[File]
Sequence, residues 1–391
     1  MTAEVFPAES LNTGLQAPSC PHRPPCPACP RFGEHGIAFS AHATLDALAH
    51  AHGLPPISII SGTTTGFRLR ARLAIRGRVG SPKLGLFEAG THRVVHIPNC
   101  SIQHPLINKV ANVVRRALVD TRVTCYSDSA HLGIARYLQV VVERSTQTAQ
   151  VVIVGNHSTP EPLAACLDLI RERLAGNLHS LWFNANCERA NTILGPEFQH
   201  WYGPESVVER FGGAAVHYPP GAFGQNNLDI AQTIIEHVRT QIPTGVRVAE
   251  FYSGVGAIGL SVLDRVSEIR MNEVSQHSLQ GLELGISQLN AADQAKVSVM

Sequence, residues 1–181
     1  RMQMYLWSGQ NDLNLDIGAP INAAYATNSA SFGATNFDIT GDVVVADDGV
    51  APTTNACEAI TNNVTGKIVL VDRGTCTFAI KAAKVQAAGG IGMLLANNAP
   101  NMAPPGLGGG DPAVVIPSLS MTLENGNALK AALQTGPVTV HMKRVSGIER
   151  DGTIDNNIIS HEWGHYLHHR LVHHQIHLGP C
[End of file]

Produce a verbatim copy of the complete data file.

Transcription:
Sequence, residues 1–391
     1  MTAEVFPAES LNTGLQAPSC PHRPPCPACP RFGEHGIAFS AHATLDALAH
    51  AHGLPPISII SGTTTGFRLR ARLAIRGRVG SPKLGLFEAG THRVVHIPNC
   101  SIQHPLINKV ANVVRRALVD TRVTCYSDSA HLGIARYLQV VVERSTQTAQ
   151  VVIVGNHSTP EPLAACLDLI RERLAGNLHS LWFNANCERA NTILGPEFQH
   201  WYGPESVVER FGGAAVHYPP GAFGQNNLDI AQTIIEHVRT QIPTGVRVAE
   251  FYSGVGAIGL SVLDRVSEIR MNEVSQHSLQ GLELGISQLN AADQAKVSVM

Sequence, residues 1–181
     1  RMQMYLWSGQ NDLNLDIGAP INAAYATNSA SFGATNFDIT GDVVVADDGV
    51  APTTNACEAI TNNVTGKIVL VDRGTCTFAI KAAKVQAAGG IGMLLANNAP
   101  NMAPPGLGGG DPAVVIPSLS MTLENGNALK AALQTGPVTV HMKRVSGIER
   151  DGTIDNNIIS HEWGHYLHHR LVHHQIHLGP C